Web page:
7 Things I Wish I Knew When I Started Painting {aka what I have learned in the last couple months}

It all started with Shakespeare.

I know, I know.

It’s a strange place to start but that’s where it all began.

For almost five years I had not touched my painting supplies, partly out of fear and partly out of busyness, but in March my co-op class was studying The Taming of the Shrew, and were assigned to pick a topic of interest of the Elizabethan era and report back on it with physical props.

Cue the brainstorming.

Originally, I thought I might study the fashion and show up, with the closest example of an outfit from that time period, but that had been my sister’s choice a few years earlier. Next idea was to write a Shakespearean monologue from the point of Queen Elizabeth and perform it, but I had never even succeeded in writing even just a sonnet, much less an entire monologue. Besides, I had enough things to memorize already.

A third thought was to study Shakespearean embroidery and replicate it, but I wasn’t sure I could finish it in time.

With some more brainstorming, my mom then came up with the idea.

Why not study art from the era and creating a slide-show presentation of Elizabethan paintings?

Cha-ching!

Perfect.

I had (and still have…) this strange (then new-found) obsession with creating PowerPoint slides and I find art very interesting. Put them together?

Just makes sense.

I began researching and making notes, learned so much, and picked out three different pieces.

There. Done.

But wait…

At the next class, my tutor explained this project would be presented in a different room in front of the younger classes, meaning I couldn’t use the projector.

So my mom suggested that I just take one of the paintings I had picked out and reconstruct it.

Except I had never painted with oils before and never ever painted a person.

So yes.

I decided to pick up painting for the first time in about five years and use a medium I had never used before to paint a subject I had never even attempted before under a deadline.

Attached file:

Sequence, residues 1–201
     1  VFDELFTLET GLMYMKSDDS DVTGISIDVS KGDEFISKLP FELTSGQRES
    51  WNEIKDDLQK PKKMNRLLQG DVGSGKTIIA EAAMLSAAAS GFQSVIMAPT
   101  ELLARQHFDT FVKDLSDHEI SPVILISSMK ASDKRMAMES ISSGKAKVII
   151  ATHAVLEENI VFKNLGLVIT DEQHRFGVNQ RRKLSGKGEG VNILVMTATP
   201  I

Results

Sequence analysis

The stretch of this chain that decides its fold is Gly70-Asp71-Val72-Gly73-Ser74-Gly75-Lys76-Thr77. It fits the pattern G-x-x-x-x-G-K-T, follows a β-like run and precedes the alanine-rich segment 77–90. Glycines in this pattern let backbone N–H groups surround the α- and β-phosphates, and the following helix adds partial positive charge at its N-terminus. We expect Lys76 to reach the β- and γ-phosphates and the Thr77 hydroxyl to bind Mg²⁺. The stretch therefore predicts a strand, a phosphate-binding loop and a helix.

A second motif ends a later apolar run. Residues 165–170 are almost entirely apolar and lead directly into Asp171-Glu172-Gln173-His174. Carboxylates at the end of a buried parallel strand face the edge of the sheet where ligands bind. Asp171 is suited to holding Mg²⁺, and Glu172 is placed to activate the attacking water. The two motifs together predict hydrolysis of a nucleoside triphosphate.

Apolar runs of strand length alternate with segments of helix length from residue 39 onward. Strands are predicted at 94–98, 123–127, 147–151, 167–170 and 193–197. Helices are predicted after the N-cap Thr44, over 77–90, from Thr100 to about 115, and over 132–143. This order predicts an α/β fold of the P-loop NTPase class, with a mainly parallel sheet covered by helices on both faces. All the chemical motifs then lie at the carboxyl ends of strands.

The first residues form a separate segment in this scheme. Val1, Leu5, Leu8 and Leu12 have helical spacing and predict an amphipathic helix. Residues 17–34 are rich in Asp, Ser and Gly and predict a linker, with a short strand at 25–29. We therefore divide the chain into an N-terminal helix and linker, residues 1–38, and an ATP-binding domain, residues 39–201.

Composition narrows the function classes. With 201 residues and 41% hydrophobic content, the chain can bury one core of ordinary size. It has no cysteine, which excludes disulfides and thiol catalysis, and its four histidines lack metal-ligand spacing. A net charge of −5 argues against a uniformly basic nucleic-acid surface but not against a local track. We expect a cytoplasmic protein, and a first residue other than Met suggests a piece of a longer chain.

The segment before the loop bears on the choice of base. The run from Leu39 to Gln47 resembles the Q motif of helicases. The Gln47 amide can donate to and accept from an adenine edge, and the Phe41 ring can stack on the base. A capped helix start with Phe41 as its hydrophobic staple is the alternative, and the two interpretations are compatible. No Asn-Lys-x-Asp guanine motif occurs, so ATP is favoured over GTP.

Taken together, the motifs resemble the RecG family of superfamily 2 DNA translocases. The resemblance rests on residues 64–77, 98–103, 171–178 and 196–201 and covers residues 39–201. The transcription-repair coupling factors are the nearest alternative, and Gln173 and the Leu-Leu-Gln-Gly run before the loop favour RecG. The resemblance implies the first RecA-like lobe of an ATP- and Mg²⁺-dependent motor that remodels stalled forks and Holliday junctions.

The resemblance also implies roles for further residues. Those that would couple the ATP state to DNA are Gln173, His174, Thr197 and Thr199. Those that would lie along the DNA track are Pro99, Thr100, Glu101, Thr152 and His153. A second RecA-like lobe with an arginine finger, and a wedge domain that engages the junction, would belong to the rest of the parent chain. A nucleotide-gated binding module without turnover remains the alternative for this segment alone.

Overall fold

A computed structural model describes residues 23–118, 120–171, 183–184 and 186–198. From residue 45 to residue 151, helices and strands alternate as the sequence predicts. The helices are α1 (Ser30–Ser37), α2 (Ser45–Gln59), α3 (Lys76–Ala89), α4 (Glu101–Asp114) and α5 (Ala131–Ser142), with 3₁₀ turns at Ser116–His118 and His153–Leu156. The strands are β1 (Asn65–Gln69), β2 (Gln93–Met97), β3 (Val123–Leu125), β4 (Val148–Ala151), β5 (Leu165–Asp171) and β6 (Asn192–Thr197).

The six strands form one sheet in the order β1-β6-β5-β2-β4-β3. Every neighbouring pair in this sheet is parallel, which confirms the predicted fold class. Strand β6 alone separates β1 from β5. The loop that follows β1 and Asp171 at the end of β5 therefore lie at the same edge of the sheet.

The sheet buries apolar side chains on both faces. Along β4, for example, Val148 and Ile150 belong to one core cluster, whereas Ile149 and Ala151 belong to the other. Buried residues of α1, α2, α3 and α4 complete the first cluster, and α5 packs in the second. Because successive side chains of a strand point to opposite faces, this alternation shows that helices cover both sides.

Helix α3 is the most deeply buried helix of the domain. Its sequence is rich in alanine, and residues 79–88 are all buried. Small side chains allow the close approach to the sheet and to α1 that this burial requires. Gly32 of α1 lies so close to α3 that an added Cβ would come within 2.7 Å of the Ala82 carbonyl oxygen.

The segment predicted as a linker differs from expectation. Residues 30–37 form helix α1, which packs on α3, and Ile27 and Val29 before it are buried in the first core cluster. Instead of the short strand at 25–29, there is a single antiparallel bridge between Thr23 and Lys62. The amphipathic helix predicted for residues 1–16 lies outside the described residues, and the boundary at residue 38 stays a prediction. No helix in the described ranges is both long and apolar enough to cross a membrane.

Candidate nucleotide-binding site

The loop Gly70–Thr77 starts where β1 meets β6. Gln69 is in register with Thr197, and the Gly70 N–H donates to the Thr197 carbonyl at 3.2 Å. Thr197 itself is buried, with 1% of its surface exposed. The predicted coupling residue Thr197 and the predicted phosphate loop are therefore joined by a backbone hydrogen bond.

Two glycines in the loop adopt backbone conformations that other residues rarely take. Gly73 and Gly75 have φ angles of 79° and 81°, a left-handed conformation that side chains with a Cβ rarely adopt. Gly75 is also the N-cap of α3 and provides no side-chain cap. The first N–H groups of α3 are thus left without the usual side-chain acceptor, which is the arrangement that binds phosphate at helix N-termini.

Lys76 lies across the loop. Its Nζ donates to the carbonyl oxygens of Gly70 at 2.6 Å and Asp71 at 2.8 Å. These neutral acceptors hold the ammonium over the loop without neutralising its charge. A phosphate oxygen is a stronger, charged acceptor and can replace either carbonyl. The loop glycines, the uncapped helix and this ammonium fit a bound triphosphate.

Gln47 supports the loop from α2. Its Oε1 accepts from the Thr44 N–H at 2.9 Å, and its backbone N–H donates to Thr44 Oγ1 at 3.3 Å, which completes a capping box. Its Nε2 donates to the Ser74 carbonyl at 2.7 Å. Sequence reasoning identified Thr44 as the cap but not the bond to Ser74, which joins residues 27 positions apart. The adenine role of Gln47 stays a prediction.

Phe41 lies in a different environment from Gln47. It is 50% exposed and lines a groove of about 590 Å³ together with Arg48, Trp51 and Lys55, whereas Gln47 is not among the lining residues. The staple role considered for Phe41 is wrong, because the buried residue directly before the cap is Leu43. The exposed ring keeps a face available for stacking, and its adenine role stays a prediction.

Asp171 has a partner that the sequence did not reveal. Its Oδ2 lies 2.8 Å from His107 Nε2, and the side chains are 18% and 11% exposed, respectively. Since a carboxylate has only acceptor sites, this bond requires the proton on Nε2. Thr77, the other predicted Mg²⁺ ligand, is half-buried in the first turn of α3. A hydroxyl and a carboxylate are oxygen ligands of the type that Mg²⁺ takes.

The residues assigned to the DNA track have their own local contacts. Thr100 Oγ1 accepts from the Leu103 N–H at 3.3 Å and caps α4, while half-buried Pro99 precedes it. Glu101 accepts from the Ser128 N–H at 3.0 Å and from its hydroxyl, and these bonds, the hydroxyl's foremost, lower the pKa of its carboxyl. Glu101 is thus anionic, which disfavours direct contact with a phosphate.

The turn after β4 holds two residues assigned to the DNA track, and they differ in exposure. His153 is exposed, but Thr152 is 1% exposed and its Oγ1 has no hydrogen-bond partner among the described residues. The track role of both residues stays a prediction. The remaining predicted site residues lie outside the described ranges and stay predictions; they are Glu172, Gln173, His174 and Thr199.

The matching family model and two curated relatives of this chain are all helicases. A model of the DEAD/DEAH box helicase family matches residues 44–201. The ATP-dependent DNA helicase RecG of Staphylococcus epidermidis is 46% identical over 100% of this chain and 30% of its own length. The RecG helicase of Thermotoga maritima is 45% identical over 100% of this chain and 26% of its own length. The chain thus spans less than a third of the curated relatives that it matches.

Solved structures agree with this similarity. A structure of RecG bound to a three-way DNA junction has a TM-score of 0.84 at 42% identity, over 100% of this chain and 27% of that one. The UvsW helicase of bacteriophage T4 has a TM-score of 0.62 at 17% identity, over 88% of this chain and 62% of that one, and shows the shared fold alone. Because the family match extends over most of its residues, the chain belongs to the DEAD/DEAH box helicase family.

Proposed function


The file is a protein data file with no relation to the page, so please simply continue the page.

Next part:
At least Hobby Lobby had all painting supplies half off that week.

…except that deal ended the next day.

So I convinced a sibling to take me and bought the supplies.

Thankfully, the following afternoon when I unpacked my new paints, I decided to mess around with them before starting the project on the canvas.

I pick out a red and squeeze it out of the tube onto my palette. I take the brush and paint a simple rectangle. And then another.

And then I go for a circle.

But the paint won’t spread out right.

I dip my brush in the water and try to thin it.

It doesn’t work.

For at least five minutes, I sat there in growing frustration as my paint refused to move or spread.

It was after I filled have the page with strange shapes, that it finally hit me.

Duh.

Water doesn’t mix with oil.

I call the piece “Ignorance.”

img_0466-e1562180498393.jpg

Isn’t it beautiful?Β πŸ˜›

I guess all those repeated experiments about trying to mix oil and water on a plate as a kid didn’t stick. (Sorry Mom!)

Well, this story has a happy ending: I discovered the substance called “paint thinner” and went on to paint the portrait, and though it doesn’t look much like the original, it definitely looks like an Elizabethan painting.

Over the following months, I have continued to paint and have learned more about it… often learning the hard way.

Here I have compiled a list.

If you have a time-machine, feel free to take this back in time and shove it in my face. πŸ˜‰

With that, let us begin…


 

#1.Β  How to take care of tools {especially the brushes}

One thing about my ten-year old painter-self: I had no idea how to keep tidy and clean, whether it be my palette, my easel, my table, my clothes, my brushes or my hands (though to be honest, I don’t care much about that one…)